“The world’s pretty dangerous, very competitive. I think we need to stay alert, if not 24 hours a day, more than some of the potheads might be able to put together.”
So said California Governor Jerry Brown on Sunday morning’s “Meet the Press.” In the eyes of progressives, Brown’s opposition to the growing movement to legalize marijuana has been one of his flaws since he ran against it in 2010.
When Colorado and Washington passed bills legalizing pot in 2012, Brown adopted the federalist position that states should reserve the right to determine drug policy.
To the dismay of progressives, yesterday’s remarks reveal that his statements on the 2012 initiatives were indeed support for a federalist policy, not an easing toward legalization.
Suspecting that the policies will fail, Brown urges us to wait and see how Colorado’s and Washington’s progressive experiments work out:
And all of a sudden, if there’s advertising and legitimacy, how many people can get stoned and still have a great state or a great nation?
But this rationale for keeping pot illegal differs from his argument back in 2010:
Every year, we get more and more marijuana, and every year we find more guys with AK-47s coming out of Mexico going into forests…and growing more and more…dangerous…and losing control.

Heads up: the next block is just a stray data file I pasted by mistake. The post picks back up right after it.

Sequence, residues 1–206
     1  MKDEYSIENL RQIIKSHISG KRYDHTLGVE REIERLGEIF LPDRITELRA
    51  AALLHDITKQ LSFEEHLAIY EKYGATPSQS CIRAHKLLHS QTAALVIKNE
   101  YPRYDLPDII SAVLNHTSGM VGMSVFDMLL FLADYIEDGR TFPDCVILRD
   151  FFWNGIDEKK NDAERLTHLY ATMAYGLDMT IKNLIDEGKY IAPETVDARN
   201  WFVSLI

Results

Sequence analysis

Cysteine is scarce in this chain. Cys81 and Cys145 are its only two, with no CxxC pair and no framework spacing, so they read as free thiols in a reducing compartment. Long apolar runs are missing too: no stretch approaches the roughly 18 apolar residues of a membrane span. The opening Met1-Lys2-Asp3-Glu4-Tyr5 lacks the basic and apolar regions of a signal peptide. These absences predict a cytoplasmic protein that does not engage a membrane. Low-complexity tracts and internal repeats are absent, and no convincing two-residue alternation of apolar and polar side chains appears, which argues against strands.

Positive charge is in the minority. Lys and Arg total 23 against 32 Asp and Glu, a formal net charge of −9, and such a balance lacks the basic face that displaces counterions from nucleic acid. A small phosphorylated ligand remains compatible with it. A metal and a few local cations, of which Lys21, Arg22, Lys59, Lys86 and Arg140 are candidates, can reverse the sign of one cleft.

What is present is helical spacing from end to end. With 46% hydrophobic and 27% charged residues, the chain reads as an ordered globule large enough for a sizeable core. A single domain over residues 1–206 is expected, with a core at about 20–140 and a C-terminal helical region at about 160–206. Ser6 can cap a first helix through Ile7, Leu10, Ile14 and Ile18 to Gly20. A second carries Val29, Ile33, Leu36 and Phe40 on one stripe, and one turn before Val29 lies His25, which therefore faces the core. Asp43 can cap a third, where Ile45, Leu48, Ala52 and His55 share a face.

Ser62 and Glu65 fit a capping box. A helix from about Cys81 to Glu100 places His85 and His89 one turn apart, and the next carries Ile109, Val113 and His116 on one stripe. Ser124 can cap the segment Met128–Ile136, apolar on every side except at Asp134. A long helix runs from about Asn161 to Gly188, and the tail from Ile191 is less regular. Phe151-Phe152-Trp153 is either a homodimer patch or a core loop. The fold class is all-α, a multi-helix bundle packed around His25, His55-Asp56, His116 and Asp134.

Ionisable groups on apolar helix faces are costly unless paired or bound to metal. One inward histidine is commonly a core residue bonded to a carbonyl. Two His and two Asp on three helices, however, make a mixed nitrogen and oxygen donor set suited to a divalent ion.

He is no longer criticizing possible systemic problems that would arise from legalizing cannabis, but the drug itself. Marijuana causes people to be inert, and in our present society, that is the last thing we’d want from citizens.
Brown’s surprisingly conservative argument against cannabis tempts the recurring objection, which Peter Hitchens calls the “wot abaht alcohol and tobacco” argument.
Even if alcohol has the potential to yield unproductive citizens, in moderation it doesn’t. Alcohol and tobacco are social drugs. It’s possible they are social drugs only because they have been customarily accepted, but custom has a lot more clout than proponents of legalization give it.
Custom plays a crucial role in forming law. Through thousands of years of societies distilling and brewing and thus dealing with the effects of alcohol, we know what to expect and can make laws accordingly. Yes, hangovers decrease productivity. But that is something we understand and accept. We’re aware of practically all the damages of alcohol. As a society, we have a general understanding of how much to drink, and have given alcohol a traditional role as well. The conservative of Hume and Burke understands that laws are best that conform to the dictates of custom.
Hitchens provides a great example, all while handing the objection right back to the “wot abahts.” Were our current society absolutely foreign to alcohol and suddenly discovered it, given the damage caused by its worst abuses, it would be wise to oppose it.
But because alcohol is deeply rooted in custom, it lacks the unknowns present in banned substances.
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